Public Art Makes Campus More Vibrant

Ann E. Cudd and Greg Scott speaking outsideOn Thursday, Jan. 30, Provost and Senior Vice Chancellor Ann E. Cudd and Senior Vice Chancellor for Business and Operations Greg Scott stood in the thruway between Posvar Hall, Hillman Library and the Barco Law Building to announce the Art on Campus initiative.

“Public art makes the campus a more vibrant place to visit, and special for visitors, faculty, staff and students,” said Cudd.

Behind them stood Tony Smith’s steel sculpture “Light Up,” its vibrant yellow color a bold contrast to the gray, Brutalist-style architecture surrounding it. The much-recognized piece of public art was a picture-perfect backdrop for the initiative’s announcement, part of the University’s Year of Creativity.

Art’s first steps

Art on Campus aims to audit and catalog the public art at the University’s Pittsburgh campus, and is the first major step to producing a complete inventory of artworks owned by the University. Its work will lay the foundation for harnessing Pitt’s art collections and works toward supporting the University’s strategic goal of strengthening communities

“We all know that public art matters to our community, providing social and cultural value,” said Scott. “Together we will advance the University of Pittsburgh as a destination for the world to see, demonstrating our continued commitment to the arts.”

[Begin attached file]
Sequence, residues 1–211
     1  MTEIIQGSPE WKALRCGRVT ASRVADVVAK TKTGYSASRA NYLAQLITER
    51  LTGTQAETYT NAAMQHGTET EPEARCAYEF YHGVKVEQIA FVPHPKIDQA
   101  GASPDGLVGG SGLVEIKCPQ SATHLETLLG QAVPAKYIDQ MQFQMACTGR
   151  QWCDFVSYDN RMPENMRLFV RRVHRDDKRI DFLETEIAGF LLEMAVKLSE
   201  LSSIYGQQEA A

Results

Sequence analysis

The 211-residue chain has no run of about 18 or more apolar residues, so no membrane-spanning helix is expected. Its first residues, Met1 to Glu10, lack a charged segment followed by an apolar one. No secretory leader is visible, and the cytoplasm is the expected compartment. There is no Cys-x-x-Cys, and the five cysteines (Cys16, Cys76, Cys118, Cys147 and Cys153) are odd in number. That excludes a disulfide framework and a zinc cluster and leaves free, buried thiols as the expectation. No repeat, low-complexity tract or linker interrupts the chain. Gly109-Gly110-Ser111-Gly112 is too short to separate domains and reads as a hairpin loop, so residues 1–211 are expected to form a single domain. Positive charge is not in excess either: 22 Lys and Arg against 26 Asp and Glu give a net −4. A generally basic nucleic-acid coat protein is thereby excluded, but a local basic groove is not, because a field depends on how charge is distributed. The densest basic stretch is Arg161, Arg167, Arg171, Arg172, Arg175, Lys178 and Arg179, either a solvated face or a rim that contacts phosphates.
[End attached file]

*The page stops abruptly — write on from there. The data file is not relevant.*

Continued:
The first step in the initiative is to create a data collection methodology and apply it to several sites on Pitt’s main campus, including Alumni Hall and Mervis Hall. This work includes establishing best practices for collecting data on artworks, including origin, condition and other factors, and present findings to the public.

During the first phase, special attention will be placed on assessing and cataloging artworks in outdoor spaces and producing a benchmarking study for the development of a public art plan at Pitt. 

The Public Art Steering Committee includes members of the Office of the ProvostUniversity Library System and Department of History of Art and Architecture.

Together, they will guide a strategic approach to the development of a public art environment on campus and advance the goals of the overall initiative. Included in their oversight during future phases will be recommending the purchase or commissioning of new works, acceptance of donated works and determination of the location of works for installation on campus.

“This committee’s passion and strong expertise will help us move great ideas forward,” said Cudd. “I can't wait to see the impact that it's going to have on that community and the artists … on campus and really in the city as a whole.”